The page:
Grub Guide

The lunar New Year came and passed last weekend, but Asian food rocks all year long. Here's some of the places we've obsessed over for the past couple of months.

Also, congrats to Sandra Sutphen of Yorba Linda for correctly figuring out that I didn't include Laguna Niguel in the Jan. 19 edition of Grub Guide. She gets a free Weekly T-shirt—and you can too! Keep reading Grub Guide for upcoming culinary contests.


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Ánh Hong Restaurant in Garden Grove claims to have invented bò bay món—the legendary seven-course Vietnamese dinner that remains the world's ultimate paean to red meat—at its original Saigon location in 1954 by combining the various beef appetizers native to South Vietnam and presenting them with French refinement. Whether that's historical fact or American-style hoo-ha is uncertain, but the classy restaurant does such a superb version of bò bay món and is so boastful of its star serving (“7 Courses of Beef,” screams the massive billboard looming over Westminster Boulevard) that we'll take their word for it. 10199 Westminster Ave., Garden Grove, (714) 537-5230. $$

The yellow curry selection is optimal for those who sport the same color on their bellies, so be brave and step up a spice level to the red curry. Its marvelous mixture of bamboo shoots, bell peppers and coconut milk will give you the sensation of having had sex for two hours in a sauna. 1520 W. Chapman Ave., Orange, (714) 978-3905. $

The Japanese are the creators of nikuman, the world's cutest sandwich, which consists of candied, spongy flour wrapped around gingered meats and vegetables. At Diho Bakery, nikuman-type sandwiches are elevated to an art form on par with calligraphy. The taro in particular is a pleasant surprise—not your tiki party's dull, watery poi paste, but instead a jam waiting to be copyrighted by See's.14130 Culver Dr., Ste. J, Irvine, (949) 857-6415. $

This French-Vietnamese hybrid has inexpensive French dishes of the kind that have all but evaporated from our cholesterol-obsessed culture. The fruits de mer au gratin features sweet clams and pungent mussels (both still in their shells), smoky shrimp, bits of fish, and strands of faux crabmeat baked in a terrine of cream sauce rich with butter. As good as it all is, everything else pales beside Favori's beautiful, huge catfish. 3502 W. First St., Santa Ana, (714) 531-6838. $$MITSUYOSHI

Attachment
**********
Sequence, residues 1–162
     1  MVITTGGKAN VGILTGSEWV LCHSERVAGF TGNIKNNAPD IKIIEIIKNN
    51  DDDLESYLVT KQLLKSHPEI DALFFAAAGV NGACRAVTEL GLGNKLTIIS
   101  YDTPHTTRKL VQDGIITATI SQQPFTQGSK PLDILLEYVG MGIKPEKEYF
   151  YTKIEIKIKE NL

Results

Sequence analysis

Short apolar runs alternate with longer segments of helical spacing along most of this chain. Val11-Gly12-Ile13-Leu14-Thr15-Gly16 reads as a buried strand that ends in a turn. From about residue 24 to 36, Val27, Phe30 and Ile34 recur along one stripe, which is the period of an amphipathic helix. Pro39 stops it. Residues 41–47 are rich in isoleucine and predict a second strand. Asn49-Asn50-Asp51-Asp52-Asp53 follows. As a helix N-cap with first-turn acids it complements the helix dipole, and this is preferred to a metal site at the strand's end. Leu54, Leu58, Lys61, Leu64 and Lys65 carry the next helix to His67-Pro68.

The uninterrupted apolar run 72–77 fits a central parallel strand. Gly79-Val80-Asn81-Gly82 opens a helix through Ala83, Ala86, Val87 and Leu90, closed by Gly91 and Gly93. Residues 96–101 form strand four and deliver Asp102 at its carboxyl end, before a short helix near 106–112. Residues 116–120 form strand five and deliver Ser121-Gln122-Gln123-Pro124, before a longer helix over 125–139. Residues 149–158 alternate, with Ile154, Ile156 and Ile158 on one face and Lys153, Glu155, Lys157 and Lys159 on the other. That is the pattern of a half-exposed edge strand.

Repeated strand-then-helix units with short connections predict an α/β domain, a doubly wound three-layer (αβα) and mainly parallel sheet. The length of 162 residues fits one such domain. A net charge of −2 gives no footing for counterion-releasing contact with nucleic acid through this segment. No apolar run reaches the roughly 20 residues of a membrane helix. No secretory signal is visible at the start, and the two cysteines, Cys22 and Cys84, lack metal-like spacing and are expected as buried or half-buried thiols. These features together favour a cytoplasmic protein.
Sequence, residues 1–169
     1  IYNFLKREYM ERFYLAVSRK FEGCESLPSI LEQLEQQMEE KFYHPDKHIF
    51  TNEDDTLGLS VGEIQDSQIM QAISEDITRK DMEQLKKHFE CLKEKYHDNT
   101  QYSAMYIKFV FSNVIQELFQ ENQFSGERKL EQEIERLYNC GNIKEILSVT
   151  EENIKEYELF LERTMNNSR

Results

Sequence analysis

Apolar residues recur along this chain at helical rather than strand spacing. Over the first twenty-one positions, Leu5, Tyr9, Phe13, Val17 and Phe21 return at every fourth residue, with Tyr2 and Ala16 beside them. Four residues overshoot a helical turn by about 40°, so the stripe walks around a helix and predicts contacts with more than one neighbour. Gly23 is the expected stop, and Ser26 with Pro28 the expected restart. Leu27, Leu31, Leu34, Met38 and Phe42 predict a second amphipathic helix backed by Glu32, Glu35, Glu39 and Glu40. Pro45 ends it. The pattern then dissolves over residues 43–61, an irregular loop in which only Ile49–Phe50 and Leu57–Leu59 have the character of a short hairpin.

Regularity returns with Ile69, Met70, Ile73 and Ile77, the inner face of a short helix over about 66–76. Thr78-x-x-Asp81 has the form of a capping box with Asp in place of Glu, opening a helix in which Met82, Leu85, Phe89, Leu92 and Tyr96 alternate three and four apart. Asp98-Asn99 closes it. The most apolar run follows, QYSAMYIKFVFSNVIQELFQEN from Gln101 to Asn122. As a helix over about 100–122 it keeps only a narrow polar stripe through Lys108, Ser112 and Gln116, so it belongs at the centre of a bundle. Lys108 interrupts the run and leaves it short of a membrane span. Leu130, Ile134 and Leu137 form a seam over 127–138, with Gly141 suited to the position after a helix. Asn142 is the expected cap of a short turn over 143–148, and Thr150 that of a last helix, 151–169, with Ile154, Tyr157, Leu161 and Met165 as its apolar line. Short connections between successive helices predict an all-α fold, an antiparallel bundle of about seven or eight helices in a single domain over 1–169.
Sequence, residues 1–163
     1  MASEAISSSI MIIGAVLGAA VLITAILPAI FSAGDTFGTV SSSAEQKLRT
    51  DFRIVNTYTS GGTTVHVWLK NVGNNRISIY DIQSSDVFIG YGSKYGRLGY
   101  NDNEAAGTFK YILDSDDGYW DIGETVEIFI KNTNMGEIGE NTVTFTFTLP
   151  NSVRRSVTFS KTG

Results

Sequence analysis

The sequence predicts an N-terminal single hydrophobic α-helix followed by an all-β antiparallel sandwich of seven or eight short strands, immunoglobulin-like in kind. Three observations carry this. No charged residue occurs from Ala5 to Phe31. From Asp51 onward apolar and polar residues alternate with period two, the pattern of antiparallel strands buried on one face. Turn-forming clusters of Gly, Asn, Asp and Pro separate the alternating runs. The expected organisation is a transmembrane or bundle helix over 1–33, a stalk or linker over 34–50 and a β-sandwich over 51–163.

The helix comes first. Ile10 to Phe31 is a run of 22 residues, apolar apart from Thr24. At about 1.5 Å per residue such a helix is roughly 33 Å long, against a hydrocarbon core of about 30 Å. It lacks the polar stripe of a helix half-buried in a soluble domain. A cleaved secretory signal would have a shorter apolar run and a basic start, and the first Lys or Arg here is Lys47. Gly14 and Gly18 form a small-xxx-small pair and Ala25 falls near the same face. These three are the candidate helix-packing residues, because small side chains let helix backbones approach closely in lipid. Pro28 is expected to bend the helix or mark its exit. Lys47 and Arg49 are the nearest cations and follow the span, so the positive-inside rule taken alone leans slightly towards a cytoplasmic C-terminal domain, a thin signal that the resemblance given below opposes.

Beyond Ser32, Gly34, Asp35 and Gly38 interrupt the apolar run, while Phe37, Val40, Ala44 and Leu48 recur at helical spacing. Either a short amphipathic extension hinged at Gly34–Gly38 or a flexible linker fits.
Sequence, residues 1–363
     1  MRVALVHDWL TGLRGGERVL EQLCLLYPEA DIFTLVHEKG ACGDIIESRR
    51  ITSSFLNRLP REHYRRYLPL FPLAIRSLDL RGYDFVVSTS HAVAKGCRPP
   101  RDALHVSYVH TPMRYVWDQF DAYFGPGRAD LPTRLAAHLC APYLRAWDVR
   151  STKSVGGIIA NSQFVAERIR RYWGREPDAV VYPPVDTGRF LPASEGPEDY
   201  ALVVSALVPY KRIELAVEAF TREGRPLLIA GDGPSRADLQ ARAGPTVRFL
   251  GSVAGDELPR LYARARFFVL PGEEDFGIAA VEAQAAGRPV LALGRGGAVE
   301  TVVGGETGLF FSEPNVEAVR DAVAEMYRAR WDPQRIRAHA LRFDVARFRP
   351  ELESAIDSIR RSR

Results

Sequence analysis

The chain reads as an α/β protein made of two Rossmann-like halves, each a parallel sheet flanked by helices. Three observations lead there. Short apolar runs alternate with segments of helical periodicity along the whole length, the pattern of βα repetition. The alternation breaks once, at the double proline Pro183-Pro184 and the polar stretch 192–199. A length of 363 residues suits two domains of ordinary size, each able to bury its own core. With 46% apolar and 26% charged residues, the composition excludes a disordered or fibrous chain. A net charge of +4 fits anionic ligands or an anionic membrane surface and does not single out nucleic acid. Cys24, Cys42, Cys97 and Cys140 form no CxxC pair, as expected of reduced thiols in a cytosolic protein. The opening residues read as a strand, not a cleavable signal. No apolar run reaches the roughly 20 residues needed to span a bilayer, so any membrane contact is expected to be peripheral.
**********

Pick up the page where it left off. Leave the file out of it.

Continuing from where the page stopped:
Mitsuyoshi, a humble, rock-solid Stanton restaurant patronized by the North County Japanese community, makes a particularly alluring version of sukiyaki, with a heavy, sweet broth packed with thin slices of beef, green onions, cellophane noodles, mushrooms, tofu cubes and bamboo shoots. And in traditional fashion, there's a bowl of raw egg in which to dip the beef strips. 12033 Beach Blvd., Stanton, (714) 898-2156. $$NEWPORT SEAFOOD CHINESE RESTAURANT
Lobster lovers come from all over for these crustaceans heavily dosed with pepper that could make you reach spice heaven. It comes with dessert, including green beans and ice-cold oranges, that balances the meal out nicely. 4411 W. First St., Santa Ana, (714) 531-5146.$$$.SEOUL OAK
A Korean palace—beautiful tables, chandeliers, grand piano—where folks grill their meat or chow through cold noodles or seafood pancakes. Don't bother ordering cake for dessert, though: the sweet hereafter is a wonderful cinnamon drink with floating pine nuts to rinse the garlic from your breath. 8295 Garden Grove Blvd., Garden Grove, (714) 530-5388. $$SUNDARA LAO MARKET
Pan-Asian megastore 99 Ranch Market is nice. But what if you want the latest Thai karaoke tape? Or some Burmese action comedy with a heavy dose of romance? Or Hmong-prepared quail eggs? You can find all this and more at Sundara Lao Market. The packed-to-the-roof shop caters primarily to Thais and Laotians, so no chow mein here—only instant pad Thai and more sauces than Heinz.1151 N. Euclid, Ste. C, Anaheim, (714) 758-8349. $SUPER COROKKE
Super Corokke offers nine different versions of the corokke, a Japanese take on the resolutely down-home croquette: a shot-put-sized cream corokke oozing with a puree of corn, squid and fish that tastes like marine-tinged mashed potatoes; the evocatively named Popeye, filled with spinach strands and bacon bits simultaneously bitter and crispy. Better is the curry corokke, a mash-up that fuses the light, almost imperceptible burn of Japanese curry with some good-ol'-boy crunchiness. 675 Paularino Ave., Ste. C, Costa Mesa, (714) 444-3418. $TAI BUU PARIS BAKERY
Order a bánh mì ga at the takeout counter, and you'll get a shredded-chicken sandwich. If you sit down and order cari ga bánh mì off the menu, though, a waiter will carry out a bowl of chicken curry stewed in turmeric-scented coconut milk; the bread comes as a half-baguette. Make sense? No? Ah, just chomp on the bánh mì thit nuong, barbecued pork seasoned with a restrained hand. 8661 Westminster Blvd., Garden Grove, (714) 903-3911. ¢ZIING'S
Ziing's owners consulted a feng shui master during the design, and the results seem to vindicate their expenditure. This applies particularly to the miso-seared ahi, which is sliced and arrayed on a black plate with a red spoon of Shanghai sauce, mixed greens, a cube of wasabi and shiitake-ginger “chopsticks” that look like Vienna roll cookies. The ahi itself is exquisite. 209 N. Harbor Blvd., Fullerton, (714) 526-5777. $$Need a restaurant recommendation before our damned dining guide is up and running again? E-mail Gustavo at ga*******@oc******.com, and he'll answer within the day!

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